Today, January 22, is the 48th anniversary of the landmark Supreme Court decision Roe v. Wade. For nearly half a century, Roe has afforded countless Americans moral agency and bodily autonomy. Today, the future of reproductive rights is under threat, a result of hundreds of federal and state restrictions and court decisions that have chipped away at Roe.
Even in my home state of Massachusetts, a state often lauded as an example in the struggle for reproductive rights, there have been significant restrictions on abortion rights since the 1973 Roe v. Wade decision.
In January 2019, as a response to the continual erosion of abortion access, pro-choice legislators in Massachusetts introduced an “Act to Remove Obstacles and Expand Abortion Access” - the ROE Act.
Many of us in the Reform Movement in Massachusetts were excited about and inspired by the WRJ-RAC Reproductive Health and Rights Campaign. In order to promote this work, we became active volunteers with the ROE Act Coalition. The coalition was organized by the Massachusetts chapters of NARAL, the ACLU, and the Planned Parenthood Advocacy Fund to educate and organize Massachusetts voters and influence state legislators to support the ROE Act.
It took us nearly two years to pass a version of the ROE Act into state law, and it wasn’t an easy ride. Here are some of the actions we took:
Our first major action was in June 2019, when 750 people from all over the state swarmed the State House to hear emotionally charged testimony and show support for (or opposition to) the ROE Act. We expected to vastly outnumber the opposition, but there was a rather large and hostile anti-choice faction which made us realize that the road to passage might not be as smooth as we expected.
In November 2019, hundreds of supporters from all over the state marched en masse to the State House to visit our legislators and tell them why the ROE Act is important not only to us personally but also to young people and low-income communities. While advocates from my sisterhood had great success talking with our legislators, not all legislators were so moved.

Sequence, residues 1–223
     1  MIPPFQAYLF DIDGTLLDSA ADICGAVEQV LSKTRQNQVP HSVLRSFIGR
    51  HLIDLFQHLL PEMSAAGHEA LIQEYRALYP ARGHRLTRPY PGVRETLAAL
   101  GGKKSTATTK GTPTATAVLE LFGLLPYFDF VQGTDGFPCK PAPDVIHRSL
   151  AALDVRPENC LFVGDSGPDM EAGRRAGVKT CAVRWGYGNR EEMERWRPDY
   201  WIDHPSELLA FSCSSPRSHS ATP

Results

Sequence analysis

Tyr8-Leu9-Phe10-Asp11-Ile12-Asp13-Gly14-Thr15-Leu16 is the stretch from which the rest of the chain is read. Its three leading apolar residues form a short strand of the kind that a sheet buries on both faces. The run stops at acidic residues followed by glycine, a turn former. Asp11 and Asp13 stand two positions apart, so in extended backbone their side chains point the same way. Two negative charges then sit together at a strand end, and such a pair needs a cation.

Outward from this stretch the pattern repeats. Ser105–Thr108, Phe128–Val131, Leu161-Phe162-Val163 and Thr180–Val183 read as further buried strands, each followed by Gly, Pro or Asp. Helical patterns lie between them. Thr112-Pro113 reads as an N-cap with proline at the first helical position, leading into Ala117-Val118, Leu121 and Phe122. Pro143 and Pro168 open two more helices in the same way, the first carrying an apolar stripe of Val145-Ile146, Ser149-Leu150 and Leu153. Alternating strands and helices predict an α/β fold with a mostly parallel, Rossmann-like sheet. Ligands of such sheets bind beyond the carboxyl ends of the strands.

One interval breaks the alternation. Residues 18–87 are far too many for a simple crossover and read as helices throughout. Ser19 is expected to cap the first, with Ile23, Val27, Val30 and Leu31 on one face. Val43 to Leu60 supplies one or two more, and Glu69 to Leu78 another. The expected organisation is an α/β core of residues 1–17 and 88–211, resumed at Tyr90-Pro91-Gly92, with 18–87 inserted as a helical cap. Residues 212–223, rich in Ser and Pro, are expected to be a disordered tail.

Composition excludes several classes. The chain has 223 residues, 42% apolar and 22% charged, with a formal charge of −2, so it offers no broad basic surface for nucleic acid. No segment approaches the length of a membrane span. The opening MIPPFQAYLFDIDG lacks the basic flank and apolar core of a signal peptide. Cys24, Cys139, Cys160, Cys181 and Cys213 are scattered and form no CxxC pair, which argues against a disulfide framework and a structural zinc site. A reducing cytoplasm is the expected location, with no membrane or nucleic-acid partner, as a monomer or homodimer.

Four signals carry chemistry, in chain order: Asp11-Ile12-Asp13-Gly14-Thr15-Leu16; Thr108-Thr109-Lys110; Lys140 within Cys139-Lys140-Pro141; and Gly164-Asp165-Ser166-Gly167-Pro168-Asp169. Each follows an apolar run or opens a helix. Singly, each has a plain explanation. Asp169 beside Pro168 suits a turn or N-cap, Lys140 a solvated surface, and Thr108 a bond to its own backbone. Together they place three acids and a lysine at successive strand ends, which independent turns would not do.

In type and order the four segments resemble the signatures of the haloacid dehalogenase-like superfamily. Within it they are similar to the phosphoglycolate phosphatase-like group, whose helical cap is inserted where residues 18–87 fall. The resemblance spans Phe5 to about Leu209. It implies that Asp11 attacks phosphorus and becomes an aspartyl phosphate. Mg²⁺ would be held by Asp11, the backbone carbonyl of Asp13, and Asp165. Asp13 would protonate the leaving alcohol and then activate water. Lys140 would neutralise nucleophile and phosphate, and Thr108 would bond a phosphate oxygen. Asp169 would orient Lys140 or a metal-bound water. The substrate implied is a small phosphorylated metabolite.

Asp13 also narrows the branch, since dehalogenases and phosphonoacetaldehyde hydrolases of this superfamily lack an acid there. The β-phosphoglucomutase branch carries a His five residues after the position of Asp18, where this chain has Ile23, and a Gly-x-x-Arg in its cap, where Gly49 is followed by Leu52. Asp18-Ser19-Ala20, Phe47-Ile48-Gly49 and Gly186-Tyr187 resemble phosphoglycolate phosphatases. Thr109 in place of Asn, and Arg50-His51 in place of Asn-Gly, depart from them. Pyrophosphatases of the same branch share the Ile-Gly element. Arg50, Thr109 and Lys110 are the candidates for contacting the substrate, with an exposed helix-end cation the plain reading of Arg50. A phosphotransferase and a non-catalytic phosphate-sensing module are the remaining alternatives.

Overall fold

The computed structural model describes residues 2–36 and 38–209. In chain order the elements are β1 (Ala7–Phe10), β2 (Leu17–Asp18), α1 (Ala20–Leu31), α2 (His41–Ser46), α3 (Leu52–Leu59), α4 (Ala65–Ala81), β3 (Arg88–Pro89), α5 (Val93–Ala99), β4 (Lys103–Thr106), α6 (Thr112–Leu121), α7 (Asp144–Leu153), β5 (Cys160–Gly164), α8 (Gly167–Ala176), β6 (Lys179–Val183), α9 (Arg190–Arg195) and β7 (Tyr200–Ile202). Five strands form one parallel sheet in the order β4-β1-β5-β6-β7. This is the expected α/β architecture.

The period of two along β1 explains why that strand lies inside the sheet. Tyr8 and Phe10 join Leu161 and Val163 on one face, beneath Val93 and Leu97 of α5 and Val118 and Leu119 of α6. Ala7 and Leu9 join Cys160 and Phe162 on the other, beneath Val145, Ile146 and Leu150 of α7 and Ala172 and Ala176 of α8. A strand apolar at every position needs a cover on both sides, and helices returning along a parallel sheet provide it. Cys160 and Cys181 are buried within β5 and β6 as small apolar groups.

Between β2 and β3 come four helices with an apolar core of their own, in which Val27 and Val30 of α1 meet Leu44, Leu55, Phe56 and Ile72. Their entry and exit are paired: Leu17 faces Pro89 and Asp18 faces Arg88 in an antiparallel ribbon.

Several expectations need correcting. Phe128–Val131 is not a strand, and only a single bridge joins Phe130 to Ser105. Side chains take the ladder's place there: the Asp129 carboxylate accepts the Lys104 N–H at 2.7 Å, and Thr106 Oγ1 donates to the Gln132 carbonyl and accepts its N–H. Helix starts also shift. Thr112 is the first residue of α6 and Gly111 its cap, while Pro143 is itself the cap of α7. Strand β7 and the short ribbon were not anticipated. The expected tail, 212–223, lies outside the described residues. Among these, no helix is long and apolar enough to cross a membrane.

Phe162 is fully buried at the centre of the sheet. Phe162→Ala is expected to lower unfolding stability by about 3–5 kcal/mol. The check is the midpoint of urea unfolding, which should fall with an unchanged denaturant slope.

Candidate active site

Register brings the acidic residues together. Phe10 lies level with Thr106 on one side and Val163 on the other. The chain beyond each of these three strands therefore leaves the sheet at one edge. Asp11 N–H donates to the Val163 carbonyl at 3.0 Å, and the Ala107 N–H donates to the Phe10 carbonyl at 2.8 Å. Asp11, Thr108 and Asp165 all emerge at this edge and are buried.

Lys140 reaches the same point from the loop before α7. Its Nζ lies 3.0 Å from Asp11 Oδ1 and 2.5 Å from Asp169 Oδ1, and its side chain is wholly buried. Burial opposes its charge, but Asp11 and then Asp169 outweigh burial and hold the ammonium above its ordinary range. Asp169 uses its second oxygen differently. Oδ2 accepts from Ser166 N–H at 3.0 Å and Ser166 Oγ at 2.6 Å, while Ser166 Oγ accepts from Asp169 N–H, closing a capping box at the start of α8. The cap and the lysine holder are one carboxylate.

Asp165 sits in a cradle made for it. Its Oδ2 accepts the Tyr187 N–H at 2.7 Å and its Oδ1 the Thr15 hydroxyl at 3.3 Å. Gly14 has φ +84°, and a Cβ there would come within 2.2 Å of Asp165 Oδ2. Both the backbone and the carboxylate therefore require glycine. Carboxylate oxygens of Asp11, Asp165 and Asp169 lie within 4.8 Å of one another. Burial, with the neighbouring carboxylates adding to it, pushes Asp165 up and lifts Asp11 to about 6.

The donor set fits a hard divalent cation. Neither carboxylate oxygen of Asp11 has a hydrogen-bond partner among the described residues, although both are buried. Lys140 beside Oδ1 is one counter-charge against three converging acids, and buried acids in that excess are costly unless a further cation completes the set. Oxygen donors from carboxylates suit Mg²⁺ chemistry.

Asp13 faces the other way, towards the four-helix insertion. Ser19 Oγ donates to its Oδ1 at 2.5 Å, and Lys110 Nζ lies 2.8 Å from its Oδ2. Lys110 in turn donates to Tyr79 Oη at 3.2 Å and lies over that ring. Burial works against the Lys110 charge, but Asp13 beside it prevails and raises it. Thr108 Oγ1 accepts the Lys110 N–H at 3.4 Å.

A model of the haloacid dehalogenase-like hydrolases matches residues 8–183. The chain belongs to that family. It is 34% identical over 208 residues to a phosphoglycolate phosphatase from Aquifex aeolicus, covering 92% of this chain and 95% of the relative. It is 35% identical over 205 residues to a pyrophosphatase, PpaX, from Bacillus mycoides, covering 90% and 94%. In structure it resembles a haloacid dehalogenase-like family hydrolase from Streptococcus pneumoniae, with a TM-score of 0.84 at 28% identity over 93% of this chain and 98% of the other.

In total, more than three dozen Reform Jews from across the state of Massachusetts attended ROE Act Advocacy Day. It was a powerful feeling to know that our Reform Movement is so prominent among the leadership of this effort.
When the pandemic hit, we had to change our advocacy tactics.
By the fall, a coalition-wide "Get Out The Vote" effort was underway, with postcards, phone- and text banking to Massachusetts voters to encourage support for candidates for state office who support reproductive freedom and were champions for the ROE Act. Fortunately, all our incumbents maintained their seats, and one state senate seat was flipped in our favor.
Once Judge Amy Coney Barrett was confirmed as a Supreme Court Justice, the work of the coalition went into overdrive. We pulled together a virtual rally in just a few hours and mobilized more than 600 people on Zoom and Facebook. We listened to inspiring messages from US Senators Elizabeth Warren and Ed Markey and obtained 15,000 signatures on a petition to urge legislators to pass the ROE Act immediately. With all our tweets and emails to legislators during the rally, the #ROE Act was trending on Twitter that night!
By mid-November, things seemed to be going in our favor. Key provisions from the ROE Act passed both houses of the State Legislature just before Thanksgiving. We expected our self-described “Pro-Choice” Governor to sign these critical protections into law. Unfortunately, he sent it back to the legislature with amendments that significantly weakened the provisions. Fortunately, the legislators rejected his amendments and sent the bill back to the Governor.
Again, we hoped the Governor would do the right thing and sign the bill. However, on December 24, he vetoed the ROE Act provisions. After our initial disappointment, we quickly mobilized to urge the legislature to override. Finally, on December 28, the legislature overrode his veto!! The ROE Act provisions became law!
Now, most young adults seeking abortion in Massachusetts will be able to access care without having to navigate a hostile court system, and families facing a lethal fetal diagnosis later in pregnancy can access care in Massachusetts.
I am happy to have done my part to help advance abortion access in Massachusetts. It’s clear we would not have achieved this victory if not for such a great coalition of tireless and dedicated individuals and without the support of WRJ and the RAC.